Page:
With selections underway in all four of the defectors’ seats, and with Boris Johnson having just won a resounding leadership election victory on a no-deal platform, we can reasonably expect local members to select the opposite sort of candidates to those who quit: that is to say strong Brexiteers who are supportive of the new regime and its policy on the EU.So it has proved in Grantham and Stamford, the safe Conservative seat currently represented by Boles, who resigned the whip before he could be deselected over his opposition to a no-deal Brexit. Gareth Davies, a Yorkshire businessman and Johnson supporter, won the selection process by what one local member described as “a landslide” on the first round of voting, a relatively rare feat. Save for a relatively close shave in 1997, Grantham has never been anything but a dependable Tory hold, and Davies will likely be an MP for as long as he likes – provided, he learns the lesson of his predecessor’s fate and steers clear of a Brexit course that antagonises his local members. Given his margin of victory and his public endorsement of Johnson’s platform, there is – for now, at least – little risk of that happening.
It’s a similar story in Canterbury, where Tory members also selected a new parliamentary candidate this evening. Anna Firth, who chaired Vote Leave’s Women for Britain in 2016, will attempt to win back a seat the Tories lost to Labour for the first time in its history by just 147 votes at the last election. Unlike most of her fellow travellers from the referendum campaign, she supported the withdrawal agreement, but has since enthusiastically endorsed Johnson. (“The students will loathe her,” sighs one Kent Tory of her general election chances.)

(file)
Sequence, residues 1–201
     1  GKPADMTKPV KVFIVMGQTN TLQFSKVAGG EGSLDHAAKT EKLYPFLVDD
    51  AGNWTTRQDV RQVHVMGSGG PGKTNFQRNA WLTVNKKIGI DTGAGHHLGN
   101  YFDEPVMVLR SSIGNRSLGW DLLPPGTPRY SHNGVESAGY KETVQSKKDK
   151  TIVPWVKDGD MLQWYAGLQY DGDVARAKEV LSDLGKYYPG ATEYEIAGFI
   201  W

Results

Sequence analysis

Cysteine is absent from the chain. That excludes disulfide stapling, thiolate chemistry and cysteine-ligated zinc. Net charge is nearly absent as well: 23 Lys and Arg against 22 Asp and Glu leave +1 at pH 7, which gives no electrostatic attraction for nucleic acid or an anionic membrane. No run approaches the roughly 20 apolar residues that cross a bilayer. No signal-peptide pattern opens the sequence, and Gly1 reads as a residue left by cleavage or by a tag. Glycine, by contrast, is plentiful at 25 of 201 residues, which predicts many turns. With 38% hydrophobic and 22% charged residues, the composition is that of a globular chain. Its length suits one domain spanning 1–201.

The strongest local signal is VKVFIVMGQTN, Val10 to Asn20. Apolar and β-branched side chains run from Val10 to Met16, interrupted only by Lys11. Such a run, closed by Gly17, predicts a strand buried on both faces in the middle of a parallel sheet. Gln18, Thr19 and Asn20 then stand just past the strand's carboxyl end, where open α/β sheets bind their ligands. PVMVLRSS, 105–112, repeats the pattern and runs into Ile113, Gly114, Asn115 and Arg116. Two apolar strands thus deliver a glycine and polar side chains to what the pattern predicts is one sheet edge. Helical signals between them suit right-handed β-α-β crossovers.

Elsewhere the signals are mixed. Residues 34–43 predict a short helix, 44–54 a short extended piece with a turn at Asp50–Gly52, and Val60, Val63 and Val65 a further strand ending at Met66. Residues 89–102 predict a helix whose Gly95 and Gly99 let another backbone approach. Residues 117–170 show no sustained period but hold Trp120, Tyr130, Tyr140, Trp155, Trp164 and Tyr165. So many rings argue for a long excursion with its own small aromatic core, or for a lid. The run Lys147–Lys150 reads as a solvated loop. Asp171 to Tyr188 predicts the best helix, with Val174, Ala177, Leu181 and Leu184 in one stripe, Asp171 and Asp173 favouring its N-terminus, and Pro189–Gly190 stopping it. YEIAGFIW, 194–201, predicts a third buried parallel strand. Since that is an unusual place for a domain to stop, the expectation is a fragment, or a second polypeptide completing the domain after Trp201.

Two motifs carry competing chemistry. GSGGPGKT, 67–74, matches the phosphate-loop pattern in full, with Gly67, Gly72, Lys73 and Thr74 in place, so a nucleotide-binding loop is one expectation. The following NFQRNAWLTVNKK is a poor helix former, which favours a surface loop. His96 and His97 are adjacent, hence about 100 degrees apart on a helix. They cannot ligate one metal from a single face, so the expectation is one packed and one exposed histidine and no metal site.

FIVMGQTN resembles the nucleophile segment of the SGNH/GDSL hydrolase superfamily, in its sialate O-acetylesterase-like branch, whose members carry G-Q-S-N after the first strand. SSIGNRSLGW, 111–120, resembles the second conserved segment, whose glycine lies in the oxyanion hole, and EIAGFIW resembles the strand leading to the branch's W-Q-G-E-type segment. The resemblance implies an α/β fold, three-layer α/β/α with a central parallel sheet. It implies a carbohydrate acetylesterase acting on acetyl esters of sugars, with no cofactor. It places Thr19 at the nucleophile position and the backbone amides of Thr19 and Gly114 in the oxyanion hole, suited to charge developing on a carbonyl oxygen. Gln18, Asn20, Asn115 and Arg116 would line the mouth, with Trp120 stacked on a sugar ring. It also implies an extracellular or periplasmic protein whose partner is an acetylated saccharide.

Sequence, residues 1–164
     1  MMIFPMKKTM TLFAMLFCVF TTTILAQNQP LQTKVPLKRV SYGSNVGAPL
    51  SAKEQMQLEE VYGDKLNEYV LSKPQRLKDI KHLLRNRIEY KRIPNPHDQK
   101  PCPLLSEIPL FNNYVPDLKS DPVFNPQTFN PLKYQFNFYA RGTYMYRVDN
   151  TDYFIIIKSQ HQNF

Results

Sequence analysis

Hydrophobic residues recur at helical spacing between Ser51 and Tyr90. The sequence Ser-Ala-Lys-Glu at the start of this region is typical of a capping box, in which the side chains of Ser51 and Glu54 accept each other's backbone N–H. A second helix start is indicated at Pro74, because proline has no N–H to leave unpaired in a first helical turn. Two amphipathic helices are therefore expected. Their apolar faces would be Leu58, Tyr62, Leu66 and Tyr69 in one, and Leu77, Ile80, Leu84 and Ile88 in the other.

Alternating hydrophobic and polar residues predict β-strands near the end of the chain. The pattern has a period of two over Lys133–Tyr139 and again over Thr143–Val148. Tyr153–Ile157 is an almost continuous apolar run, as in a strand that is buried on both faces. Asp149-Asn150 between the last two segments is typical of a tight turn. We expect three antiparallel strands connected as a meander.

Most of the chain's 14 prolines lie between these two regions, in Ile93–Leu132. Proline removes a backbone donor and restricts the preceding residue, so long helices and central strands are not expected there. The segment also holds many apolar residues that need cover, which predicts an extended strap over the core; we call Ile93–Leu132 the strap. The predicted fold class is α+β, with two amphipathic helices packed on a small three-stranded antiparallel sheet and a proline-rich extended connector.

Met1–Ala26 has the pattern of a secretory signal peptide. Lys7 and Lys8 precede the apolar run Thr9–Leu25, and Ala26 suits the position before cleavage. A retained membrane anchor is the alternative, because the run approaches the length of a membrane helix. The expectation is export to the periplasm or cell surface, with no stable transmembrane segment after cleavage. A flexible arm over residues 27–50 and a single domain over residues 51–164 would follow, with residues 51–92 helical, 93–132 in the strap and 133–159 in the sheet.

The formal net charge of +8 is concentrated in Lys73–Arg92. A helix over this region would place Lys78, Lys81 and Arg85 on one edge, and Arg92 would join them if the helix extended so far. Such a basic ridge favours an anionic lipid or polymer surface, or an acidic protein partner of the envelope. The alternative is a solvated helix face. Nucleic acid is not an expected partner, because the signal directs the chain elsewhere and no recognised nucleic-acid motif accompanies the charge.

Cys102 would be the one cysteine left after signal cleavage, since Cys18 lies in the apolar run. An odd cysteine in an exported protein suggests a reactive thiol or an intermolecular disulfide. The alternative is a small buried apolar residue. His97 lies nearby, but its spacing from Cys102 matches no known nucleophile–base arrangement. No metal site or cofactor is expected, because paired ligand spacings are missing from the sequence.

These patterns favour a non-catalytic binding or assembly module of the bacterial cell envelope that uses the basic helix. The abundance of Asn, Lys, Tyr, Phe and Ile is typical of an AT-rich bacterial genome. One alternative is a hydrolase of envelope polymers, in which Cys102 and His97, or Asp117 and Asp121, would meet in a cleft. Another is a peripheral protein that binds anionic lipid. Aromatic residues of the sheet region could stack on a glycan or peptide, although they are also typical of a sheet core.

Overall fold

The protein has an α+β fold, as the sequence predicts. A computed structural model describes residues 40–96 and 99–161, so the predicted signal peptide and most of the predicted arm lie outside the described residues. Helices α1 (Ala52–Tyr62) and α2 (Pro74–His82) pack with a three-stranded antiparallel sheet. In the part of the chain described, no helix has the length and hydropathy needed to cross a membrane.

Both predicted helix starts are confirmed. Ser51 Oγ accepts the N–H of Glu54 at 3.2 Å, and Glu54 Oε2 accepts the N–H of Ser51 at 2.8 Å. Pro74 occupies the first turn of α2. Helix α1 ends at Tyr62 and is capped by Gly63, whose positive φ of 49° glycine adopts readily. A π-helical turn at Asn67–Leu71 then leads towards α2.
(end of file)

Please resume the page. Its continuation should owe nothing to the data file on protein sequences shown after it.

What do the selections tell us? Well, they strongly indicate that a general election is unlikely to provide an easy resolution to the Brexit impasse: the Conservative parliamentary party returned at the next election will contain more MPs with a strong personal and political incentive to toe whatever line Johnson and his supporters at the grassroots decree, and fewer like Boles. On current evidence, that will make the approval of a negotiated settlement by the Commons much less likely. As Labour and Tory defectors and retirees are replaced by memberships with what are for the most part diametrically opposed Brexit stances, that problem can only become more acute.
Source: “brexit” – Google News